8. You are asked to define a schema. A schema defines the structure and format of a data record. Choose Add column. (For more information, see See Schema registries).

  9. Specify the column properties:

    1. Enter a column name.

    2. For Column type, 'string' is already selected by default.

    3. For Column number, '1' is already selected by default.

    4. Choose Add.

  10. You are asked to add partition indexes. This is optional. To skip this step, choose Next.

  11. A summary of the table properties is displayed. If everything looks as expected, choose Finish. Otherwise, choose Back and make edits as needed.

Congratulations, you've successfully created a table manually and associated it to a database. Your newly created table will appear in the Tables dashboard. From the dashboard, you can modify and manage all your tables.

For more information, see Working with Tables in the AWS Glue Console.

Next steps

Now that the Data Catalog is populated, you can begin authoring jobs in AWS Glue. See Authoring Jobs.

In addition to using the console, there are other ways to define tables in the Data Catalog including:

  • Creating and running a crawler

  • Using the AWS Glue Table API

  • Using the AWS Glue Data Catalog template

  • Migrating an Apache Hive metastore

  • Using the AWS CLI, Boto3, or data definition language (DDL)

    The following are examples of how you can use the CLI, Boto3, or DDL to define a table based on the same flights_data.csv file from the S3 bucket that you used in the tutorial.

    { "Name": "flights_data_cli", "StorageDescriptor": { "Columns": [ { "Name": "year", "Type": "bigint" }, { "Name": "quarter", "Type": "bigint" } ], "Location": "s3://crawler-public-us-west-2/flight/2016/csv", "InputFormat": "org.apache.hadoop.mapred.TextInputFormat", "OutputFormat": "", "Compressed": false, "NumberOfBuckets": -1, "SerdeInfo": { "SerializationLibrary": "org.apache.hadoop.hive.serde2.lazy.LazySimpleSerDe", "Parameters": { "field.delim": ",", "serialization.format": "," } } }, "PartitionKeys": [ { "Name": "mon", "Type": "string" } ], "TableType": "EXTERNAL_TABLE", "Parameters": { "EXTERNAL": "TRUE", "classification": "csv", "columnsOrdered": "true", "compressionType": "none", "delimiter": ",", "skip.header.line.count": "1", "typeOfData": "file" } }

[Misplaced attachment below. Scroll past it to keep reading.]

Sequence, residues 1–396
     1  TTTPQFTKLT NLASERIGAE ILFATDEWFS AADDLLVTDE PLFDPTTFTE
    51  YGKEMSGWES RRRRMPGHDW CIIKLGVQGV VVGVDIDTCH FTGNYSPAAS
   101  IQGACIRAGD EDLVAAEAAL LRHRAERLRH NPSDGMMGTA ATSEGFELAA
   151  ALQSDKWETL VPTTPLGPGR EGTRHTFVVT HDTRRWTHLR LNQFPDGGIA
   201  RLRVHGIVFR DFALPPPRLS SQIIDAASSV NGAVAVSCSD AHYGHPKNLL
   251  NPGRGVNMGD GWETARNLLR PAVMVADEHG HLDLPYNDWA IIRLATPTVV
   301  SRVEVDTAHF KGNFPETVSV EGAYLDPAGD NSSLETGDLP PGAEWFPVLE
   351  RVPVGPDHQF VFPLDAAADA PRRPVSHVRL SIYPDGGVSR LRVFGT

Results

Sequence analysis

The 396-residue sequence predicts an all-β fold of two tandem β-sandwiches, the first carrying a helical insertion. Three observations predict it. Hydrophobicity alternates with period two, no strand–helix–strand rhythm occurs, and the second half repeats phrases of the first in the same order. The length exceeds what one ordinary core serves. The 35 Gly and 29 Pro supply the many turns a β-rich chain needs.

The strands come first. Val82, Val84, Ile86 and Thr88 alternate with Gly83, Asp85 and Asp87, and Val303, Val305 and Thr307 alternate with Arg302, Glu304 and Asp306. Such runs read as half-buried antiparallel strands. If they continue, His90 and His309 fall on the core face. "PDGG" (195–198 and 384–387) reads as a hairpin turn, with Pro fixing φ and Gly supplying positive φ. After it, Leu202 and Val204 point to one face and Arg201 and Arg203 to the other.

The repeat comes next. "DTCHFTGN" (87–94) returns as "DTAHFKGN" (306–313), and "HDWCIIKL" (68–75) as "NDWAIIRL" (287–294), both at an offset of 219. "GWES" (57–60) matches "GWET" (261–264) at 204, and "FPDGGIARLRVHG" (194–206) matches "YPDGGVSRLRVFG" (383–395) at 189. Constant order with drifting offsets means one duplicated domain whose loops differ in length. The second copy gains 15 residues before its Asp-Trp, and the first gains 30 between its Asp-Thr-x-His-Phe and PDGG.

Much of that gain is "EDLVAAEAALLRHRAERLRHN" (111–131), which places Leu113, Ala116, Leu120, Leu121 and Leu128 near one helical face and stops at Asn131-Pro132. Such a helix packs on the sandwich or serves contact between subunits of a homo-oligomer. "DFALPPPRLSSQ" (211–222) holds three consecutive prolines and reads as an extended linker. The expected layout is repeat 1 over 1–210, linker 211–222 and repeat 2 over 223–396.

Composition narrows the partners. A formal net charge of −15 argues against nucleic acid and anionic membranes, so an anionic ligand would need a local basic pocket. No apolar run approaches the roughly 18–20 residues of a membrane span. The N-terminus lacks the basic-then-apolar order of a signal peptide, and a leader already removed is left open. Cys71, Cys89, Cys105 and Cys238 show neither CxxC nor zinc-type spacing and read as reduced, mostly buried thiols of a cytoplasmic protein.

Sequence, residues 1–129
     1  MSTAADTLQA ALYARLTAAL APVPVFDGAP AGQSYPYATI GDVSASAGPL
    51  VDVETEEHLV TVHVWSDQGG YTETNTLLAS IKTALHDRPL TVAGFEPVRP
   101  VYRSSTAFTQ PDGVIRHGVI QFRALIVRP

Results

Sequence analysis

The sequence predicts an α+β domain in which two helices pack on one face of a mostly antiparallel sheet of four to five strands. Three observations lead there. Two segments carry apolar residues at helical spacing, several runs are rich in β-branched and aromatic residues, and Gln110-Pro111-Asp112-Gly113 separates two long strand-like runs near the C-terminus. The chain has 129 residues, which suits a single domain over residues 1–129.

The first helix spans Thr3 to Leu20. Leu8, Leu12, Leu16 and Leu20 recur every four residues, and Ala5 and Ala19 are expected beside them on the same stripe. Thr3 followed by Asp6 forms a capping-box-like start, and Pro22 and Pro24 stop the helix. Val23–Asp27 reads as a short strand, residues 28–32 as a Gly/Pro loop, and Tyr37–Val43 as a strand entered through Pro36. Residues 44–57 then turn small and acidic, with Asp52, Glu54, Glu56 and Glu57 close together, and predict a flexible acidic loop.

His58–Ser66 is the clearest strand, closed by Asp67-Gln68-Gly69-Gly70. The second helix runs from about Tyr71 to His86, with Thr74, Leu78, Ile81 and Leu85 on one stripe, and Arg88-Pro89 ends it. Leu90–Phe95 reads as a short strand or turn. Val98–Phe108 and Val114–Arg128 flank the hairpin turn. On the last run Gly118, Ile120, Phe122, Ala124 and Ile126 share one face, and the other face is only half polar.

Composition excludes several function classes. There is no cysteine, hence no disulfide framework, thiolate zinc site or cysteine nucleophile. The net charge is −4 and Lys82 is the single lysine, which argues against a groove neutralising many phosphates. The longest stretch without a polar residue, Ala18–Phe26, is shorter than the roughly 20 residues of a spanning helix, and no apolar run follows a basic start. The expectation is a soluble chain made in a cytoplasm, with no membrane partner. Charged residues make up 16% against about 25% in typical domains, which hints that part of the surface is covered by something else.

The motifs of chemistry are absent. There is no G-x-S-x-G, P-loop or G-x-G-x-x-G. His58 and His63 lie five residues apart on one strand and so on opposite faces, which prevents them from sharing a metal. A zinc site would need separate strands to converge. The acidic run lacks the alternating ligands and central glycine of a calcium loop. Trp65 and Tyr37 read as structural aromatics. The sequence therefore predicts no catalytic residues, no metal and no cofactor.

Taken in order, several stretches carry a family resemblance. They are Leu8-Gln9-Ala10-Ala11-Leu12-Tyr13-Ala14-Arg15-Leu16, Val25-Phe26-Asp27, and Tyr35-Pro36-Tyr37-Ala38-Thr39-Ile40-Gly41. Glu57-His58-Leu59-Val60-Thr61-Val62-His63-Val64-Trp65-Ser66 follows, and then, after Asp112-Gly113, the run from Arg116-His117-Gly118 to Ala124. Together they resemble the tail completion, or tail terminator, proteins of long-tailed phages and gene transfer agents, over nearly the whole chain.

import boto3 glue_client = boto3.client("glue") response = glue_client.create_table( DatabaseName='sampledb', TableInput={ 'Name': 'flights_data_manual', 'StorageDescriptor': { 'Columns': [{ 'Name': 'year', 'Type': 'bigint' }, { 'Name': 'quarter', 'Type': 'bigint' }], 'Location': 's3://crawler-public-us-west-2/flight/2016/csv', 'InputFormat': 'org.apache.hadoop.mapred.TextInputFormat', 'OutputFormat': '', 'Compressed': False, 'NumberOfBuckets': -1, 'SerdeInfo': { 'SerializationLibrary': 'org.apache.hadoop.hive.serde2.lazy.LazySimpleSerDe', 'Parameters': { 'field.delim': ',', 'serialization.format': ',' } }, }, 'PartitionKeys': [{ 'Name': 'mon', 'Type': 'string' }], 'TableType': 'EXTERNAL_TABLE', 'Parameters': { 'EXTERNAL': 'TRUE', 'classification': 'csv', 'columnsOrdered': 'true', 'compressionType': 'none', 'delimiter': ',', 'skip.header.line.count': '1', 'typeOfData': 'file' } } )
    CREATE EXTERNAL TABLE `sampledb`.`flights_data` ( `year` bigint, `quarter` bigint) PARTITIONED BY ( `mon` string) ROW FORMAT DELIMITED FIELDS TERMINATED BY ',' STORED AS INPUTFORMAT 'org.apache.hadoop.mapred.TextInputFormat' OUTPUTFORMAT '' LOCATION 's3://crawler-public-us-west-2/flight/2016/csv/' TBLPROPERTIES ( 'classification'='csv', 'columnsOrdered'='true', 'compressionType'='none', 'delimiter'=',', 'skip.header.line.count'='1', 'typeOfData'='file')